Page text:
I strongly reccomend that you don’t do this. Prehops are really difficult to re-learn. When you finally do need a prehop, you’ll find that you’ll be so rusty that you have less control and actualyl jump LESS high with them. When I go for more than 2 rides without using prehops, I find it takes at least 30 minutes of frustration to get any semblence of a good prehop back. Prehops are really useful, as Ryan’s video testifies to.

Also, it’s just nice having a cheap way to add 4" to your hop height. The other way to do this is ride trials on a muni for a month or two, then go back. Bam! another 2-3", easily.

Now it’s winter in Michigan…and I re-sprained an ankle two weeks ago. But, I was planning to work on more static skills indoors at school or at home once I get back in the saddle 100%.

I haven’t ever really “learned” pre-hops. I’ve been going up 30-32"+ without them so far.

I quit unicycling for six months, before I bought my trials unicycle back in August 2004. So I’ve really learned how to do everything from curbs on up again since last August. And this summer I went from having a mental block with ledges that were higher than my tire, to those higher than my seatpost clamp (which is about 30"). I think next it will be a mental block with my seat (what else is left…haha), which is near a meter high.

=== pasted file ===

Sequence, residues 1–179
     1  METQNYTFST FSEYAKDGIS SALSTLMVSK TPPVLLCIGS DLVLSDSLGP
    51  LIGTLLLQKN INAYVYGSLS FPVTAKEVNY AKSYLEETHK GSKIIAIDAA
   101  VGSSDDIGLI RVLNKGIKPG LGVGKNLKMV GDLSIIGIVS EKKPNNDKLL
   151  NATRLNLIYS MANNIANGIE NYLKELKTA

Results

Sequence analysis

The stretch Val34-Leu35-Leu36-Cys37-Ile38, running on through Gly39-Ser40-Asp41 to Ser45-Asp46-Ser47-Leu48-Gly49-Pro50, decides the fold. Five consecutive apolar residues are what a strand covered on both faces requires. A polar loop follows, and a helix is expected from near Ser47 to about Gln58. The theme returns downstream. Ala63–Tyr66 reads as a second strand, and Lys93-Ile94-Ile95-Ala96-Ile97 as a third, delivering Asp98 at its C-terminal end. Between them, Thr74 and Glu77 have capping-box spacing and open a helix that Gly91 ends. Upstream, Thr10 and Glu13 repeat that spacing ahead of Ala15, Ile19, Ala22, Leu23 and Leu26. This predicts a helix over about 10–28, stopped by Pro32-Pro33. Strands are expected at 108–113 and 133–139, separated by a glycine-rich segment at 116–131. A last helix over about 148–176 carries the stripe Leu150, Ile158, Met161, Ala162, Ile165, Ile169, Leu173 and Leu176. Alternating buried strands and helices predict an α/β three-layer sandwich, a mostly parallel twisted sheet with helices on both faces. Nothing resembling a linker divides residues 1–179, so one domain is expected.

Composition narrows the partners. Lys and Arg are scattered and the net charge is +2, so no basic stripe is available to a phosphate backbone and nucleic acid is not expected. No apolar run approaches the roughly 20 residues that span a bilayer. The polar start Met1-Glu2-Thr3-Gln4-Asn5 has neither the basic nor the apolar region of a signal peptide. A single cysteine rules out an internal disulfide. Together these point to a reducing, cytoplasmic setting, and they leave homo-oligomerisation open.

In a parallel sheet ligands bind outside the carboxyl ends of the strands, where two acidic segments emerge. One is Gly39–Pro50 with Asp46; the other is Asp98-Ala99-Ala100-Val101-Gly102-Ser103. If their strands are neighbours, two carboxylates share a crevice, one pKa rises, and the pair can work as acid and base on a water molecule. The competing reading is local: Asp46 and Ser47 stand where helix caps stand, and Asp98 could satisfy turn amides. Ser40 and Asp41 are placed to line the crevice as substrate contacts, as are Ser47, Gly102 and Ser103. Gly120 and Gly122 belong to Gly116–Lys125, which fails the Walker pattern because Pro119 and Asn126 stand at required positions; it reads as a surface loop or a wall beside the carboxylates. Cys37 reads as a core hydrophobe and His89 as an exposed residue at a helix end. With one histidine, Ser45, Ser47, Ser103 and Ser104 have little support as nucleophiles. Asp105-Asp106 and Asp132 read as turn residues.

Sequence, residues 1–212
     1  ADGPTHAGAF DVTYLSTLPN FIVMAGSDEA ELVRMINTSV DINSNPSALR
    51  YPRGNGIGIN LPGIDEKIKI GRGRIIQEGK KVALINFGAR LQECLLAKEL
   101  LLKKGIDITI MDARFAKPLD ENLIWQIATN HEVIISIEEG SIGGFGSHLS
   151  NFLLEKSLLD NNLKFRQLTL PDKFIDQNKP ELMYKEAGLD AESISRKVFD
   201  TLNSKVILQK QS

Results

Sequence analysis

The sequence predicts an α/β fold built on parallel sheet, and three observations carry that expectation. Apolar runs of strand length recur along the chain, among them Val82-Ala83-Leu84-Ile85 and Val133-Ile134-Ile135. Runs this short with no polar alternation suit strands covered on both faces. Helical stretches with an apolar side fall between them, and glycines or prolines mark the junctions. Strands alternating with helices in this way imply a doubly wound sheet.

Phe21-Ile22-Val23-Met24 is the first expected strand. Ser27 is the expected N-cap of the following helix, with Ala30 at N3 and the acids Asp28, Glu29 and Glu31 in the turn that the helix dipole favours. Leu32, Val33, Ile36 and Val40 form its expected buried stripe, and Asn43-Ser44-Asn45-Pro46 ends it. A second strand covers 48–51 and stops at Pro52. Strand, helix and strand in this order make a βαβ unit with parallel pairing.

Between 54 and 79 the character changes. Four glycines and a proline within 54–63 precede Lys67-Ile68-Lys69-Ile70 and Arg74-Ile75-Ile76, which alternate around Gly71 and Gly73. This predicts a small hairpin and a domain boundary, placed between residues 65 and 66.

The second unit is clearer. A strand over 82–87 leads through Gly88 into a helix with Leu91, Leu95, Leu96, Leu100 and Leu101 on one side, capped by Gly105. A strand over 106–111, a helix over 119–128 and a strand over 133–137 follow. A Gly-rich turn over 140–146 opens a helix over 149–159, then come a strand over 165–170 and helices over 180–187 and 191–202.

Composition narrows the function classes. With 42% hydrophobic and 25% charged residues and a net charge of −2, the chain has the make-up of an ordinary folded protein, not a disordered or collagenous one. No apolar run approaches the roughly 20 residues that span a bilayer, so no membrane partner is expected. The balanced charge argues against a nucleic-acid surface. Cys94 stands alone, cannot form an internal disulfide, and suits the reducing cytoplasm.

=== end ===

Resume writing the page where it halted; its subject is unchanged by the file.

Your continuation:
What I meant to say is that I practiced pre-hops a little…but I’ve never done them on to anything near 30" high…Never!

When the Doc’s give me the ok I’ll have to give big pre-hops a go.

I would eventually like to hit a meter. I don’t think that’s asking too much. I really don’t. And it’s not the most important thing in the world…this business of hopping high. Judging by most, I can already hop quite high. And even if I can learn to jump onto things a meter high, I’d like to do it even on to more narrow objects, and start getting better at the more technical aspects of large jumps.

I’ve been more concerned with evolving my style into largly seat-out riding. From video footage, I’ve now realized what’s possible with sif-rolling-hops. I’d like to learn how to rail-ride (and I’ve been getting near mounting and riding one…because I was playing with mounting and riding narrow–and even curved/angled–edges…sometimes even riding backwards along a narrow surface).

My main concern with my riding has been in taking somewhat of my own personal ‘manifesto’ as it were. Unless I’m tired, you’ll barely ever see me corrective/recovery hop. If I do, and it was completely avoidable (or especially during an easy line), I’ll stop what I’m doing, and go back to the beginning, to start all over, and fix the problem. Does that sound like I’m being too hard on myself? There’s nothing more rewarding, to me, than knowing I just pulled a smooth, quick, clean line like it was a piece of cake.

Thanks for the heads up!